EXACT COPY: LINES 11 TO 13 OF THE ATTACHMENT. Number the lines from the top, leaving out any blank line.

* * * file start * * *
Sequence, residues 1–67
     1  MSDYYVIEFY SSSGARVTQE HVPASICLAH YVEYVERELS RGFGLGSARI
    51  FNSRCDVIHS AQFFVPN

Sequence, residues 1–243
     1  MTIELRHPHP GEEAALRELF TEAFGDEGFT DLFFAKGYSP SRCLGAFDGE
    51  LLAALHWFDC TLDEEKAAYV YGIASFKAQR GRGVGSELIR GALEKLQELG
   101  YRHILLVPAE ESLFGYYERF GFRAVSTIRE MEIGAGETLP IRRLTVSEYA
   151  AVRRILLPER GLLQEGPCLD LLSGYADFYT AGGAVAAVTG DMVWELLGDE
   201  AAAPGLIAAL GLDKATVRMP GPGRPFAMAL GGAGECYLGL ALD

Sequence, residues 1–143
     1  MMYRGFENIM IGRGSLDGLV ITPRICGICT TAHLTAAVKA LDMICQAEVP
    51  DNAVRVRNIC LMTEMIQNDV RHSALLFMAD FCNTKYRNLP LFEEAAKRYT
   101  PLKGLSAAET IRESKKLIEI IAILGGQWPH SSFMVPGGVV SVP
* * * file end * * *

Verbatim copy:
     1  MMYRGFENIM IGRGSLDGLV ITPRICGICT TAHLTAAVKA LDMICQAEVP
    51  DNAVRVRNIC LMTEMIQNDV RHSALLFMAD FCNTKYRNLP LFEEAAKRYT
   101  PLKGLSAAET IRESKKLIEI IAILGGQWPH SSFMVPGGVV SVP